Considered a safer alternative to indoor dining, patios and outdoor spaces are currying favor with guests during COVID-19.
Since late spring, the on-again, off-again nature of dine-in restrictions has left many operators scrambling to adhere to local mandates and, when possible, revive on-site business. Al fresco dining is one means of welcoming guests back to the restaurant in a safe, socially distanced manner.
For concepts that lacked outdoor dining pre-pandemic, adding those spaces involves some quick modifications, like reinventing outdoor cocktail areas into full dining “rooms” and converting individual parking spaces into small seating arrangements, called parklets.
Regardless of the restaurant, the outdoors-only approach has been an adjustment for concepts of all sizes. And, while most restaurants now have open-air seating available, the challenges haven’t disappeared. Soon enough the temperatures will turn cooler and the days shorter, forcing many operators to rethink outdoor dining once again.
But for now, restaurants aren’t thinking that far ahead. Instead they are taking the outdoors approach one step at a time by working to create an experience that’s both social and safe. We spoke to three operators about how they’re achieving that balance.
Co-owner, Bakan | Miami
We’re located very centrally in Miami, on Second Avenue in Wynwood. We have really high traffic, so our design focus from day one has been on our terrace; people always want to sit on our terrace. There’s a really great atmosphere out there, with cacti imported from Arizona and Mexico and a great sound system.
We had to take half the tables out of our terrace due to the virus, but so far, there’s been a great response from people. The city allowed us to use an ample sidewalk for a few extra tables, plus additional parking spaces. So we have recouped some of the lost seating due to social distancing.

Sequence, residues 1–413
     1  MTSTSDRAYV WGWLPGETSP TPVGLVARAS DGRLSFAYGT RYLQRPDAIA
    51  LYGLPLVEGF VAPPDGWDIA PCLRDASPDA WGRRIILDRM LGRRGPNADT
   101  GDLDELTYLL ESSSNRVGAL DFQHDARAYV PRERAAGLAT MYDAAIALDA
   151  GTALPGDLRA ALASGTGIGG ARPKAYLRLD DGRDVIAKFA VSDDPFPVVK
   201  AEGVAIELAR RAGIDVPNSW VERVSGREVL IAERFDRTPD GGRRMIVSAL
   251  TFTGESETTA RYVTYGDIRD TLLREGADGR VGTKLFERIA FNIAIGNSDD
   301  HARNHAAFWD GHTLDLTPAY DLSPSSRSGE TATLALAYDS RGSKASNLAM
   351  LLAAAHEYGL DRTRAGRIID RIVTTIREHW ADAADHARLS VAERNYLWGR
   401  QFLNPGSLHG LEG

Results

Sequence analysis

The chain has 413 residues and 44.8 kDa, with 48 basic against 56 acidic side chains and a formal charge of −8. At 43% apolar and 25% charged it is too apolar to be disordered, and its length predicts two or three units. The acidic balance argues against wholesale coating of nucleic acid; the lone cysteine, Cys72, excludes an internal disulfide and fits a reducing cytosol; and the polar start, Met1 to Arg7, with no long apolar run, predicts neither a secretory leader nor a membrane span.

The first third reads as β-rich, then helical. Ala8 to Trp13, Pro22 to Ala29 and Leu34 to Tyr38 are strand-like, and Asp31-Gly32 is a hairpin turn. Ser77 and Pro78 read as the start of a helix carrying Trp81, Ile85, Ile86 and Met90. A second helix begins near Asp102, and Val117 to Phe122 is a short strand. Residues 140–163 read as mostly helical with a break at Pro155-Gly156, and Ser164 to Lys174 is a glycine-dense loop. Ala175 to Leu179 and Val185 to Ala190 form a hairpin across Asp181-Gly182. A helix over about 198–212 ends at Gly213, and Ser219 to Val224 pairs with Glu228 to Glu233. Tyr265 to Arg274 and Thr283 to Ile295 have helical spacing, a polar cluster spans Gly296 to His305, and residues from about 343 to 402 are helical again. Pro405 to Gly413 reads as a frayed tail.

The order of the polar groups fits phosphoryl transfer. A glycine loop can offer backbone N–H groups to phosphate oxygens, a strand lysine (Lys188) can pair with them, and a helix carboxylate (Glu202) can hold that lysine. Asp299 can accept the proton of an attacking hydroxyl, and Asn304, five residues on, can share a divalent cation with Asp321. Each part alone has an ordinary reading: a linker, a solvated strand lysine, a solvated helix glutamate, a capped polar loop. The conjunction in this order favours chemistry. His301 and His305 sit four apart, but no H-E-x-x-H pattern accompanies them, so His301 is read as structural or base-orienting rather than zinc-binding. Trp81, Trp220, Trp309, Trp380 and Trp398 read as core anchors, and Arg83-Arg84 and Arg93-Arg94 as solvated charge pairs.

Guests have been following guidelines and helping us create a safe environment. As long as the possibility of being infected continues, there’s going to be a group that is scared to go out, particularly older patrons. But a lot of guests have learned how important restaurants are through this, and they realize that it’s about more than food—it’s about experience, too.
Sommelier & GM, Mintwood Place | Washington, D.C.
We’re an eight-year-old restaurant in a high-density, residential neighborhood with heavy foot traffic. We closed only briefly when the pandemic started to recalibrate our menu. Then we opened again, and we immediately and consistently became very busy.
We opened for outdoor dining 10 days after outdoor dining was permitted. We did that on purpose. We didn’t want to be first out of the gate; we didn’t want a generic opening; we wanted a detailed, well-prepared approach.
When I started, we had a bistro feel outside on our patio. People were tightly packed at tables. Before the pandemic, we had already started thinning it out a little bit. We got away from some of that French bistro feel to let people have a pleasant outdoor dining experience. Now, the patio looks pretty much exactly like it did before the pandemic but a little more spacious.
Our patio is very much a part of our restaurant. We are a neighborhood operation, and we wanted to convey a strong sense of our core principles and brand outside. We wanted it to be familiar, comfortable, yet special. Our color scheme is the same indoors and outdoors, and we have the same rustic decor outside as inside, which marks our patio as part of the same institution.
We’re in this for the long term; we’re going to do this seriously for quite awhile. We’re considering adding tents outdoors to protect against weather, and we will probably add heaters, too, that will help in colder temperatures.
Owner, The Edge | Jackson, New Jersey
The Edge is lucky; we’re on a really large piece of property. Our patio was constructed along with our building and will hold around 45 seats under an outdoor tent. We have a double-wide sidewalk that is about 7 feet wide where we’ve placed umbrella tables; a floating roofline that, when the weather permits, will accommodate more diners outdoors; and another sidewalk strip where we’re going to add more seating. We’re utilizing every inch, and we can seat about 70 people max.
We had only been open around six months when the pandemic started. We opened in October, when the weather was cold, so even though the patio was prepped when we opened, we haven’t been able to use it until now. So setting up for dining and training staff to work out there was completely new to us. Initially, the space was for cocktails and small plates only, but it’s been working so well as a full dining space that we might consider utilizing the tent long term.
Lighting has been a huge mood-maker outside. We added bistro lighting and votives on each table. Music also provides a cool vibe. We’ve really tried to maintain the upscale nature of our concept and make it as appealing as possible on the patio, and our guests have responded.